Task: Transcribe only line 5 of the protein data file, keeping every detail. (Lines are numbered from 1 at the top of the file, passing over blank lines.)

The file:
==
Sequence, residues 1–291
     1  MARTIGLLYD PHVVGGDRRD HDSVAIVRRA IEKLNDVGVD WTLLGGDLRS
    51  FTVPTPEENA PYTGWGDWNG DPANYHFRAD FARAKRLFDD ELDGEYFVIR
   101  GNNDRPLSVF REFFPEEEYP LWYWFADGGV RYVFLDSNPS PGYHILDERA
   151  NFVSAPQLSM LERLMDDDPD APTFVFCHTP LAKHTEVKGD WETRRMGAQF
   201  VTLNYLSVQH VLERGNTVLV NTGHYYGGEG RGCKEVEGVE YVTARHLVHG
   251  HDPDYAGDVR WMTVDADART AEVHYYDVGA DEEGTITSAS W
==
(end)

   151  NFVSAPQLSM LERLMDDDPD APTFVFCHTP LAKHTEVKGD WETRRMGAQF